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Building a group handwashing station: Providing children with a healthier learning experience

UNICEF South Africa/2018/Mojapelo
© UNICEF South Africa/2018/Mojapelo
UNICEF South Africa Education Specialist, Dr Saadhna Panday-Soobrayan (L) and Communication Specialist, Sudeshan Reddy (R) with the construction team at Montsosi Primary School.

By Sudeshan Reddy, Communication Specialist, UNICEF South Africa

Sebokeng, 19 April 2019 - Rainclouds gather over the highveld as workers painstakingly mix cement, pile bricks and erect a tin roof on the grounds of Montsosi Primary School in Sebokeng, a township west of Johannesburg.

By the end of the working day, these men would have completed the construction of a group handwashing station for the children of Montsosi Primary School – and in doing so, would have contributed to a healthier school environment.

With funding from Woolworths and MySchool, My Village My Planet, UNICEF, along with the Gauteng Department of Basic Education and MIET Africa, are constructing 20 handwashing stations at schools in Sedibeng East and West, Gauteng. The group handwashing stations are aimed at providing under-resourced communities with a cost-effective facility to enhance the hygiene, health and education levels of learners. There is compelling evidence that regular handwashing in school contributes to healthier children and, in turn lowers absenteeism from school.

The men have been working since 8am and by 2pm, before the rain arrives, a concrete slab is complete and dry, allowing for the remainder of the construction. For the manager of the construction site, Lawrence Motswele, it is critical that the construction be completed before sunset as the new school term begins the next day – and the group handwashing station will be ready for use. Lawrence has been involved in the construction of these stations in the neighbouring Mpumalanga province and speaks proudly of the positive difference that these installations make to the health and wellbeing of young lives.

UNICEF South Africa/2018
© UNICEF South Africa/2018
The completed group handwashing station.

In patient detail, Lawrence explains how one has to first lay the concrete foundation on which the plastic pipe will then be laid. While the concrete dries over approximately five hours, a tin roof is erected to provide shelter from the harsh sun and rain. Once the concrete has set, the plastic piping is installed with the 16 nozzles that will allow groups of children to wash their hands and brush their teeth at the same time, thereby entrenching handwashing and oral hygiene as a habit.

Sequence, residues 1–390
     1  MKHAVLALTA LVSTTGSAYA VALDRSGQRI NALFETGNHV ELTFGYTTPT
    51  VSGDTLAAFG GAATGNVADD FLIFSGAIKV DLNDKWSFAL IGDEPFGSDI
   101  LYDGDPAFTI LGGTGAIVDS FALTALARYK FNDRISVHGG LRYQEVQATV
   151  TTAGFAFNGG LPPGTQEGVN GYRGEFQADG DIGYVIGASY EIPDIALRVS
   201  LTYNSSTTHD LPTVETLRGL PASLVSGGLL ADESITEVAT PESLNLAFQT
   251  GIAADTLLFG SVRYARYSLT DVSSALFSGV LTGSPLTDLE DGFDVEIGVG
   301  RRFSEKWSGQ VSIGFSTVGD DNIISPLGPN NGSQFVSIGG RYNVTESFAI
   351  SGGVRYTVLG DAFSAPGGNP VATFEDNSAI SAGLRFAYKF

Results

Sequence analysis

To highlight the sustainability of this initiative, schools are encouraged to grow a food garden around the handwashing station to benefit from the run-off water. The vegetables grown will be used to supplement school meals. In doing so, the nutrition and overall health of the learners is further enhanced.

For Dr. Saadhna Panday-Soobrayan, Education Specialist at UNICEF South Africa, the handwashing station is an excellent example of partnership in action. This innovative life-changing installation was devised by MIET Africa and UNICEF, based on a similar model in Zambia and tested in Mpumalanga province.

This development is appreciated by Ms. Eunice Magwa from the Gauteng Department of Basic Education who commends Woolworths and UNICEF for their commitment to a healthy school environment and keeping learners in school.

Sebokeng literally means "gathering place" in the local seSotho language so it is fitting that this group handwashing station will provide a gathering space on a regular basis for 16 learners at time as they wash their hands and, in doing so, have a healthier start to their school lives.

 

 

 

 

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